Teamwork. Focus on teamwork to involve everyone in enthusiastic improvements.

Teamwork is closely linked to a partnership between suppliers and the creation of interconnected cells (both in processes and between people). As I mentioned above, it is very important to be perceived as part of the team, and not to go and decide everything yourself. Also be interested, purposeful, and enthusiastic about what he does. To be curious and interested in the general development and to participate in solving the problems that have arisen. Personally, I think it’s important, to be honest, and able to both criticize and take criticism from others on the team (the idea of ​​transparency in Scrum). Reference: The Kaizen 20 Keys to Workplace Improvement Explained with examples, https://agileprogramming.org/kaizen-20-keys-to-workplace-explained-examples/

Support and training for employees. Training employees to work at a higher level so that they can increase the value they add to the work.

It is very important that none of the team members (including management at different levels) have the attitude or expectation that everyone knows everything and knows how to do their job. It is important for the company to be able to invest in its staff – training, courses, social arrangements. It is also important that they are timely – when the need arises, not delayed and waiting – so they risk losing their employees. People in a team can have different qualifications, different culture, nationality. Attention must be paid to investing in staff, staff must also talk openly about problems when they arise so that timely decisions can be made (often course planning directly hinders the project, as employees will use the time to take a course, and not to do what is planned for the day). But it is also important to realize that staff qualification adds value to the product – perhaps not after the 2nd day, but in the future. It should be noted that the training and courses should be tailored to the needs of the company and the specific purpose, as well as to enable the employee to subsequently use what he has learned. Thus, the employee will be able to be as complete as possible and contribute to the work in the team.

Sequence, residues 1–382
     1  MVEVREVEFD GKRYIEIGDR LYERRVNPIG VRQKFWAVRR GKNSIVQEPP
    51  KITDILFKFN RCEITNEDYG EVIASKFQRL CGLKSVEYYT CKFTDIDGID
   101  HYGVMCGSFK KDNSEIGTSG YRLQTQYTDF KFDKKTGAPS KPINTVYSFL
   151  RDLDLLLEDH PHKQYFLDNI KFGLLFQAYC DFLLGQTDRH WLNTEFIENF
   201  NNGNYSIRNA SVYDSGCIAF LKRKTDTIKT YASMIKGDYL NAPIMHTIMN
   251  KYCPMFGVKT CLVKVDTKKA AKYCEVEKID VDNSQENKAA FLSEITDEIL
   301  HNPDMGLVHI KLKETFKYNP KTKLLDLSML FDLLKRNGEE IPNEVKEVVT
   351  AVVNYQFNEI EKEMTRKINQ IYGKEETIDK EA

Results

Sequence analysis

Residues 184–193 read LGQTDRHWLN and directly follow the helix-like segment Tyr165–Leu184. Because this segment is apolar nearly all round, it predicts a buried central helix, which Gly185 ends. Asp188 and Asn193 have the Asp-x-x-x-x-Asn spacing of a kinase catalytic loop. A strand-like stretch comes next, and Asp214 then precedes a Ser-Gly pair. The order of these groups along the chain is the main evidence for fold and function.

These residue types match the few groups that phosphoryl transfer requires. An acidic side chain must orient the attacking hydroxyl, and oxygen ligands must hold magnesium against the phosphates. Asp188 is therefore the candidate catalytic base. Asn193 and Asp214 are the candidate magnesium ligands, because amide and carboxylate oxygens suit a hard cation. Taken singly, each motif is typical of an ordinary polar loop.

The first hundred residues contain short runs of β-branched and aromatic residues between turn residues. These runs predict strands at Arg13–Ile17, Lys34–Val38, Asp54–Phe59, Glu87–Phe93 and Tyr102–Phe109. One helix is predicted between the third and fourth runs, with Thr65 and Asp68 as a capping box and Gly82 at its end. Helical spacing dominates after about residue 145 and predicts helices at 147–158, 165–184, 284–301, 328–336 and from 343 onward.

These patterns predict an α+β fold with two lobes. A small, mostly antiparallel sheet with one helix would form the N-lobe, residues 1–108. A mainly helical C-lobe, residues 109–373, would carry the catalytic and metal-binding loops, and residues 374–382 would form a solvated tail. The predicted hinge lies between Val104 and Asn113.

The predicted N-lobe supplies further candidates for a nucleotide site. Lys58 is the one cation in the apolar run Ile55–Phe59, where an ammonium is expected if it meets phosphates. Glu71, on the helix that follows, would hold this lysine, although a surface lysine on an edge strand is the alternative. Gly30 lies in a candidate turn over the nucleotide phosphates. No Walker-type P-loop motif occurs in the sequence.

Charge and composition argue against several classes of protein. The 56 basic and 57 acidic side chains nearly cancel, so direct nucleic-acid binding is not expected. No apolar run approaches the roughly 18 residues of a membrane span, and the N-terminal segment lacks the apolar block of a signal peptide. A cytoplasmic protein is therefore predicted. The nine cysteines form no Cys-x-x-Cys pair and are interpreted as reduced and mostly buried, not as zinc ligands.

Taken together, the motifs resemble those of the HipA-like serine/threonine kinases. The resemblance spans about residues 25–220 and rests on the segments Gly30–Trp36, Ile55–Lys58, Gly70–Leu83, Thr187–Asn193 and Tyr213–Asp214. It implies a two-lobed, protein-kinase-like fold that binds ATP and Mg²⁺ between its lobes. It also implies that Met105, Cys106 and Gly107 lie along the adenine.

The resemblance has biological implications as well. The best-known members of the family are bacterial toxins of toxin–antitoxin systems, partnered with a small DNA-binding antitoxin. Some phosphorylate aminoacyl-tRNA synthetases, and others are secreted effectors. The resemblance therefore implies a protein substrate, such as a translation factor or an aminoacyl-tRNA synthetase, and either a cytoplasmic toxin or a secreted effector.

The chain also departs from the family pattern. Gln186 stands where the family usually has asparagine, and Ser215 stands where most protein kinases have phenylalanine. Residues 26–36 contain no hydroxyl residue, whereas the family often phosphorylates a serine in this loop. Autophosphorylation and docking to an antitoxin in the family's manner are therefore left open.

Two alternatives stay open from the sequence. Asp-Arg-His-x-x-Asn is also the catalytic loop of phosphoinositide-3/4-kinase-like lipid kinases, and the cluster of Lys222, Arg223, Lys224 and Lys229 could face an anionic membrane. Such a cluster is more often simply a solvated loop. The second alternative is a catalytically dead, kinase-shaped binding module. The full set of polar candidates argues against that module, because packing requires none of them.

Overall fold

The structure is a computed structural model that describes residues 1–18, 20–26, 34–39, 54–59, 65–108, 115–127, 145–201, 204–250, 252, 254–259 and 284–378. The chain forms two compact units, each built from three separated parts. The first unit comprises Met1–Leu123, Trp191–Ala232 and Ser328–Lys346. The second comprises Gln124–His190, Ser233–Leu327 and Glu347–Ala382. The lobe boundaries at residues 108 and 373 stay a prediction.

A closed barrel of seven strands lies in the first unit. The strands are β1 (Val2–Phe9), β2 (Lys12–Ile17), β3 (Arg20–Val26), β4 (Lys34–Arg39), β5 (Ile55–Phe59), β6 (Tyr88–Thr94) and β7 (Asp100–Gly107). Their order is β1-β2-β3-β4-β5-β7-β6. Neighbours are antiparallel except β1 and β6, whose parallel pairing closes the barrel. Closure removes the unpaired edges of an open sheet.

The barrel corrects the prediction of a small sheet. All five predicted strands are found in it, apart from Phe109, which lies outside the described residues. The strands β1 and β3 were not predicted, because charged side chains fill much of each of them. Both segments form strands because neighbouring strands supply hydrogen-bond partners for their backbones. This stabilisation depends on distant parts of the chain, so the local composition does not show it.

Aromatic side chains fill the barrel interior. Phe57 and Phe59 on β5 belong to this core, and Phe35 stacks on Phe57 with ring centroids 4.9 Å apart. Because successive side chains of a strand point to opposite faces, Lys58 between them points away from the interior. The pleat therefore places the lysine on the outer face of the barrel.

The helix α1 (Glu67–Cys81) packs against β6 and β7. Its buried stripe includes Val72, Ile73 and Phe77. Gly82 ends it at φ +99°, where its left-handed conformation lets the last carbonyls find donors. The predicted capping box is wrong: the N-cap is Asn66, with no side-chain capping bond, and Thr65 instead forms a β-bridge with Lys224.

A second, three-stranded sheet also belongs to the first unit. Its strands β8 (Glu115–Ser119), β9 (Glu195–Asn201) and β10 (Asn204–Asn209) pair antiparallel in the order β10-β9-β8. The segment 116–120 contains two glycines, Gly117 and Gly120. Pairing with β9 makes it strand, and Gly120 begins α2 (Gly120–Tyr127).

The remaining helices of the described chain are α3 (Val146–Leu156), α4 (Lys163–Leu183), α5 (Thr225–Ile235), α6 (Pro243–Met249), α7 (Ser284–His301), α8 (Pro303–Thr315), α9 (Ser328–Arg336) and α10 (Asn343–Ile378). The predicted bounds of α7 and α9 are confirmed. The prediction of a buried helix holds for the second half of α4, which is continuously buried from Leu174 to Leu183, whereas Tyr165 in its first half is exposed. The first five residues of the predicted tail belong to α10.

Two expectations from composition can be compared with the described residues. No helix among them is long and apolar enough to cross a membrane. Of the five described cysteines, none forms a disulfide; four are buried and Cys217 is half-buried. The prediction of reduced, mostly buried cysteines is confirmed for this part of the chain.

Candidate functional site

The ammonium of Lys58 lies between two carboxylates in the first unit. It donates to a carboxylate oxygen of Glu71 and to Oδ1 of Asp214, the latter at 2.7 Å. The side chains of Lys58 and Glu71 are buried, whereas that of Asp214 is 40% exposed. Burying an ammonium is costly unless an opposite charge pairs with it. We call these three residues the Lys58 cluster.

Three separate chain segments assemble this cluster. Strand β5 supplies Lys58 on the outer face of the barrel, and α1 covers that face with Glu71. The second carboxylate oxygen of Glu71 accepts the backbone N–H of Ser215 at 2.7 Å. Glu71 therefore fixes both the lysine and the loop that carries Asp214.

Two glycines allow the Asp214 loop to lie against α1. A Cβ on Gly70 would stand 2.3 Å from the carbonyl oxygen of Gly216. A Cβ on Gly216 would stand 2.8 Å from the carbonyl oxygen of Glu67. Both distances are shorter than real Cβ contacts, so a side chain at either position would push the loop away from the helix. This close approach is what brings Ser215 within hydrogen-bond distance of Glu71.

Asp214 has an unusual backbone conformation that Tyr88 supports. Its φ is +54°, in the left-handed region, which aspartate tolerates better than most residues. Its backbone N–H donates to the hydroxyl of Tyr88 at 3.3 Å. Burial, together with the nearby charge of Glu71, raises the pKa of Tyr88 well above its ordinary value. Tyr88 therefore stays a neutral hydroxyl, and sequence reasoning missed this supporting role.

Reference: Modern Kaizen principles and keys to workforce optimization,

Technology. Use and training of more complex technologies and adaptation of teams to them.

It has a lot to do with the front point – training and education. What is new here, however, is that there is always room for something better. Technology is something that is constantly evolving. If a person graduated in medicine 20 years ago and works for a medical device company of some kind, he is unlikely to be particularly attractive to the company, and perhaps even quite difficult to find a job if he simply relies on his knowledge from before. 20 years. People and technology must be constantly evolving and in sync so that they are as effective and desirable as possible in the labor market. As for adaptation, yes, it takes time, but it’s not something that would stop large companies from using newer and newer technologies. They will save them a lot of money for maintenance and production – that’s why they are better technologies.